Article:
British Columbia

Search for B.C.'s best small town: Vancouver Island region, Round 2

When you reach the fork in the road after driving the winding highway from Port Alberni, you face a choice: take a left to Ucluelet, or a right to Tofino?

Tofino vs. Ucluelet one of many regional rivalry matchups for voters to choose from

The turnoff near the end of Highway 4 on Vancouver Island offers visitors two options that have many similarities in their geography and culture but also several differences. (Maggie MacPherson/CBC News)

When you reach the fork in the road after driving the winding highway from Port Alberni, you face a choice: take a left to Ucluelet, or a right to Tofino?

"I'm probably going to get in trouble when I say some of this stuff," said Josie Osborne, the MLA for both communities, in describing the low-key rivalry between the oceanside towns on Vancouver Island's west coast. 

"I think a person turns right at the highway because they've heard of Tofino … the name is out there and well marketed. But the secret is to turn left and go to Ucluelet.

"But I always liken them to two fingerprints on the same hand: beautiful west coast geography but just a little bit of a different character."

The two towns are among the 16 remaining communities competing in the Vancouver Island division in The Search for B.C.'s Best Small Town, having won their first round matchups along with Port McNeill and Port Hardy, Hornby Island and Denman Island and many other communities. 

Ucluelet, shown here, like Tofino has a charm all its own or in the words of the region's MLA when describing both: two fingerprints on the same hand: beautiful west coast geography but just a little bit of a different character." (Justin McElroy/CBC)

Separated by just 40 kilometres, Tofino and Ucluelet attract somewhat different crowds.

Tofino's beaches are known the world over, but Ucluelet's craggy black rocks bring incredible views all their own. Tofino has all the amenities for tourists, but Ucluelet offers a compact town core with fewer crowds at peak season.

"Moving here from Tofino, the main reason was I felt like an employee of a resort," said Geoff Johnson, a Ucluelet musician and filmmaker who runs a YouTube channel about the town. 

"You kind of always feel like you sort of have to be in character down there. In Ucluelet, we're a little rougher around the edges."

While Ucluelet's western waterfront is dominated by craggy black rocks, Tofino's is full of sandy beaches like the one shown here. (Justin McElroy/CBC News)

Affordability challenges 

At the same time, both communities also have similarities, particularly when it comes to concerns about affordability and displacement. In the last year, the assessed value for a typical property in Tofino rose by 43 per cent to $1.4 million, and in Ucluelet by 42 per cent to $705,000.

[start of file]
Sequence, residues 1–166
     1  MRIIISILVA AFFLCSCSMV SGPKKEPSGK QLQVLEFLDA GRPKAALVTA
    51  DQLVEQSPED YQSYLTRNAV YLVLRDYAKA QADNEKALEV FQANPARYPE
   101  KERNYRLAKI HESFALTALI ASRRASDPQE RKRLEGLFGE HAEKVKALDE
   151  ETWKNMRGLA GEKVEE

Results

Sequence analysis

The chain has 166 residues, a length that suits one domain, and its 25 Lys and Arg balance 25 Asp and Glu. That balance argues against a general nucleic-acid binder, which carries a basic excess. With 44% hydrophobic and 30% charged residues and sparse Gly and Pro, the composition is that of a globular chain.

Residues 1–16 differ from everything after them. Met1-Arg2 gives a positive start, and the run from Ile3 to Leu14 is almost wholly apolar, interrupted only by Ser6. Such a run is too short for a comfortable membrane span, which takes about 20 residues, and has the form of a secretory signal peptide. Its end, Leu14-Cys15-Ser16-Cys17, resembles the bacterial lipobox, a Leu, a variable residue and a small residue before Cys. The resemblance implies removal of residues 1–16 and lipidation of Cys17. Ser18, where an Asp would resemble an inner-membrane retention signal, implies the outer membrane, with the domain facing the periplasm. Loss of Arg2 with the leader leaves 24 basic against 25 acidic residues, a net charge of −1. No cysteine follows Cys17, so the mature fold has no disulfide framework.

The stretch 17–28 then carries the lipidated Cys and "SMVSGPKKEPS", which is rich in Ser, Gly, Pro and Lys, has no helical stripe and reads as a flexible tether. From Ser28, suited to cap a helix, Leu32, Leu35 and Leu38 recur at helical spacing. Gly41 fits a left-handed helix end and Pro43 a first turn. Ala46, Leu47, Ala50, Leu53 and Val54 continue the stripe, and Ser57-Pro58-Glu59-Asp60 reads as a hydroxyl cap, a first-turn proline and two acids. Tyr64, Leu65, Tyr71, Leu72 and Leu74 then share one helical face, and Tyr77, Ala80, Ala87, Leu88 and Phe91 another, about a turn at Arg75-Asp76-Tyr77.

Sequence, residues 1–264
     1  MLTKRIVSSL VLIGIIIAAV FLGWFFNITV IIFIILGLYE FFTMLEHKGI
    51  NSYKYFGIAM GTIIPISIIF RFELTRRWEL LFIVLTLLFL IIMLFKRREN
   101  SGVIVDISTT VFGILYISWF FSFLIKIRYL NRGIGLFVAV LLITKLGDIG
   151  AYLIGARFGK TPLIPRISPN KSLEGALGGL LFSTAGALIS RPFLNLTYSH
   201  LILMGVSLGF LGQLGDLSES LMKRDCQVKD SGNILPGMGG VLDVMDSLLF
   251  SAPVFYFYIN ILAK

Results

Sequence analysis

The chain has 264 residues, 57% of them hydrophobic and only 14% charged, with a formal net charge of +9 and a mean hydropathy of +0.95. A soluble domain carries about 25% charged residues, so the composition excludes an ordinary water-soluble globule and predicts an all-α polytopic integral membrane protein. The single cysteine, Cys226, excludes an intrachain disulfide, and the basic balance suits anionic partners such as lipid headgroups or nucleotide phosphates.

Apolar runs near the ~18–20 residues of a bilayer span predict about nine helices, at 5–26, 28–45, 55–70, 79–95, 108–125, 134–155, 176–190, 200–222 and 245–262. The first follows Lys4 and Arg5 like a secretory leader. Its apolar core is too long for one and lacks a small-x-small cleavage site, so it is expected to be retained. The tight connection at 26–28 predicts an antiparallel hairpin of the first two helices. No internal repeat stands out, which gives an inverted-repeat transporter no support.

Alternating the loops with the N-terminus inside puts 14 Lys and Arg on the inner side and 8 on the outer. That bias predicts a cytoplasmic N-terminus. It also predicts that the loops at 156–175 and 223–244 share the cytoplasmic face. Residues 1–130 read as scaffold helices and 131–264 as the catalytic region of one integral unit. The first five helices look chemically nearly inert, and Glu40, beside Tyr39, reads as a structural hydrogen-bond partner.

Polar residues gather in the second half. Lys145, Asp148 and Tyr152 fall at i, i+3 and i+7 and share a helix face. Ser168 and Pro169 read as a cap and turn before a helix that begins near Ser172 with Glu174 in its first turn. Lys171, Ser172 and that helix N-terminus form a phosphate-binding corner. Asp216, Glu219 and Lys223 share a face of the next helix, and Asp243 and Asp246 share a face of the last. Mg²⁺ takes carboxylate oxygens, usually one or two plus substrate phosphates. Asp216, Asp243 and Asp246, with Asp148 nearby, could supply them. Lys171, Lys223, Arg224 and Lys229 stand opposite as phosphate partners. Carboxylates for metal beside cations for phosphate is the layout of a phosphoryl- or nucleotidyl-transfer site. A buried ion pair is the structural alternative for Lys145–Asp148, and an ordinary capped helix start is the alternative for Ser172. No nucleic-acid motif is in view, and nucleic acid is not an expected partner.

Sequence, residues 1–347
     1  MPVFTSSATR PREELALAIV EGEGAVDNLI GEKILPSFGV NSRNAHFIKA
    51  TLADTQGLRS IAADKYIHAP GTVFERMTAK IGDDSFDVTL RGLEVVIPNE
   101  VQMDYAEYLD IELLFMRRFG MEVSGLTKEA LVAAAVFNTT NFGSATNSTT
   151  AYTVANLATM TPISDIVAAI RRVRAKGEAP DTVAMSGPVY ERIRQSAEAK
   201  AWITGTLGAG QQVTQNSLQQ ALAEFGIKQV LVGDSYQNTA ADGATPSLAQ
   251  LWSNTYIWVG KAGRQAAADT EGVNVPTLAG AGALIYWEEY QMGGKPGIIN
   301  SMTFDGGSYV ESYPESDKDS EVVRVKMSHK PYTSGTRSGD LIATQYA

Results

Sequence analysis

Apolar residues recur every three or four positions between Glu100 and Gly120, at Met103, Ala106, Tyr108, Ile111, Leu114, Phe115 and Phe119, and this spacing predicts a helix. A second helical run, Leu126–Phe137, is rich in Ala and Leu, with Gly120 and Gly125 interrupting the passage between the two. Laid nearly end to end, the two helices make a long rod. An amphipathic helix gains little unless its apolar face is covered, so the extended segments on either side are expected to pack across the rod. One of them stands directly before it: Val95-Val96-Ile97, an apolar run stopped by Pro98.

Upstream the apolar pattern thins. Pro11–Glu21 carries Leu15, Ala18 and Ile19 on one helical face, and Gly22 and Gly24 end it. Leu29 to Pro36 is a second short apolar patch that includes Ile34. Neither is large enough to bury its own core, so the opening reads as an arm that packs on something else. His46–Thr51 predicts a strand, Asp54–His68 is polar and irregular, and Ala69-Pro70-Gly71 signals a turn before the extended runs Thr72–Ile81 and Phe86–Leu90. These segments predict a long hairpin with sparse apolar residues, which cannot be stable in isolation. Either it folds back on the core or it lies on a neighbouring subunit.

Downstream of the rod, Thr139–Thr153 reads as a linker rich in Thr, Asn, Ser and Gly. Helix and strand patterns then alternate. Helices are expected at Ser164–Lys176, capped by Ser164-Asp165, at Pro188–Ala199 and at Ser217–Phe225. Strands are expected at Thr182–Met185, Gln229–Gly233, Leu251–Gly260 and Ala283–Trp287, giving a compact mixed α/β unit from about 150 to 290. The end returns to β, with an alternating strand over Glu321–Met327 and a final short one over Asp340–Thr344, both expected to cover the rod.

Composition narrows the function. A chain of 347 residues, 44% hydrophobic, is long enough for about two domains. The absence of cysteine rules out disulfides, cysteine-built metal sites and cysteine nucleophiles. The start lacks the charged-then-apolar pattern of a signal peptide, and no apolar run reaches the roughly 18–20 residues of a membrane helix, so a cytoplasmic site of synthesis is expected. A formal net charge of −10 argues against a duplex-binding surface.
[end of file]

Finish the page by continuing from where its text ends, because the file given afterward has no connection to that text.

"There's a common thread for people getting over Tofino … people like myself that were there for eight or 10 years and see enough changes that they're like, 'Oh, this isn't what it used to be.' And then they take off and they come down to Ucluelet, which is sort of eight or 10 years behind Tofino in a lot of ways in that transition," said Johnson. 

"The challenges in these little small towns, especially these high profile small towns like Ucluelet and Tofino, are quite unique and often pretty unprecedented." 

It's part of the reason why collaboration is so important: Tofino chief administrative officer Bob McPherson says the two towns share a building inspector, have mutual aid agreements and look at housing plans from a regional perspective.

"We talk about things like can she share tech services? Can we share HR service? How can we use data that we've collected together to help find solutions together?" he said.

And McPherson acknowledged that while Tofino now has the reputation of a resort town, there was just as much realness there as Ucluelet. 

"Beneath the veneer of the resort, there's always a community with lots of depth … and certainly that's the case in Tofino," he said. 

"Yeah, we have a tourism economy. But beneath that, there's hard-working people. There's people walking their kids to school … it's just you have to live here to kind of experience what that is like." 

Voting will take place until 10 p.m. PT each day, with eight matchups for the Vancouver Island region that you'll find at the end of this article. 


To encourage thoughtful and respectful conversations, first and last names will appear with each submission to CBC/Radio-Canada's online communities (except in children and youth-oriented communities). Pseudonyms will no longer be permitted.

By submitting a comment, you accept that CBC has the right to reproduce and publish that comment in whole or in part, in any manner CBC chooses. Please note that CBC does not endorse the opinions expressed in comments. Comments on this story are moderated according to our Submission Guidelines. Comments are welcome while open. We reserve the right to close comments at any time.

Become a CBC Member

Join the conversation  Create account

Already have an account?